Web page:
Constructions as categories of language

Adele E. Goldberg, Devin Casenhiser, Tiffani R. White

Research output: Contribution to journalArticlepeer-review

49 Scopus citations


What causes children to categorize distinct utterances they hear into a constructional generalization? That is, what makes subjects create a constructional category instead of treating each utterance as a distinct unrelated idiom? One simple factor that encourages the learning of abstract categories is shared concrete similarity. When instances share concrete attributes, learners are more likely to categorize them together, and moreover are more likely to attend to their abstract commonalities [Gentner, D., & Medina, J. (1998). Similarity and the development rules. Cognition, 66, 236-297; Markman, A.B., & Gentner D. (1993). Splitting the difference: A structural alignment view of similarity. Journal of Memory and Language, 32, 517-535]. This paper reports results that confirm the prediction that presentation of items with concrete shared similarity early in training enhances language learning in adults.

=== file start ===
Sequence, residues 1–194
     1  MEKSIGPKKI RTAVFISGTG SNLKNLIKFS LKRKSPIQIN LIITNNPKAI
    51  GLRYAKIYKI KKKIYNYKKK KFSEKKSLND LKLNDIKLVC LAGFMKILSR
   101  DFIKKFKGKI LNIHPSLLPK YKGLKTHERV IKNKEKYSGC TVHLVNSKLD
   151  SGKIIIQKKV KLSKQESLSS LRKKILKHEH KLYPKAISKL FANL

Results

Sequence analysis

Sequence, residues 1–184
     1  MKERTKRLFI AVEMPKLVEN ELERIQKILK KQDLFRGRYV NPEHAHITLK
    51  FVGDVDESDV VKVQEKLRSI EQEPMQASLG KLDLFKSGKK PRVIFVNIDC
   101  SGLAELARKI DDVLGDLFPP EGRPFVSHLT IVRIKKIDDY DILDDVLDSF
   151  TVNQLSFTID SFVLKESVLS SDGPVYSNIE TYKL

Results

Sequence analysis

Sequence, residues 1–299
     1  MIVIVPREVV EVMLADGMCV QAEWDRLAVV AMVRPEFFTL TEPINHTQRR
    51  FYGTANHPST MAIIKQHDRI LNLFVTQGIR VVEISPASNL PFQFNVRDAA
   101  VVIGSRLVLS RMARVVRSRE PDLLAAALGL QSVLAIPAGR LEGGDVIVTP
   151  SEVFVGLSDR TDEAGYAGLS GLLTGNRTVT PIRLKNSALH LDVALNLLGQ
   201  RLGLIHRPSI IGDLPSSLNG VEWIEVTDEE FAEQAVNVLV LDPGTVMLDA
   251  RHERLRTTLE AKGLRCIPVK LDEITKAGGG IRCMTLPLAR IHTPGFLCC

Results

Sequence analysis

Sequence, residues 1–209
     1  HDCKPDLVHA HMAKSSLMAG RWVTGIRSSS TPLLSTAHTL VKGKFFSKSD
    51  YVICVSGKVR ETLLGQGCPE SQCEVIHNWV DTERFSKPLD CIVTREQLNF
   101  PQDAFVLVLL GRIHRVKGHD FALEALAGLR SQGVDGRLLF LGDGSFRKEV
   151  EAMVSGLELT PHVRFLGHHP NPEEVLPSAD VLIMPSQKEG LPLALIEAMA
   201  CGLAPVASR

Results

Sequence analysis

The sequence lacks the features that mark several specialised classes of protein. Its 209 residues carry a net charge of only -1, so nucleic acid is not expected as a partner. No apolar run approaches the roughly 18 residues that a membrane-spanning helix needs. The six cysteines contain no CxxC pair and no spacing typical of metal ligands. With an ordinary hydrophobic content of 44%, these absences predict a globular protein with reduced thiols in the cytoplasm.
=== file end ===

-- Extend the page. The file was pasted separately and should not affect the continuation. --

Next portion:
Original languageEnglish (US)
Pages (from-to)70-86
Number of pages17
JournalNew Ideas in Psychology
Issue number2
StatePublished - Aug 2007

All Science Journal Classification (ASJC) codes

  • Psychology (miscellaneous)
  • General Psychology


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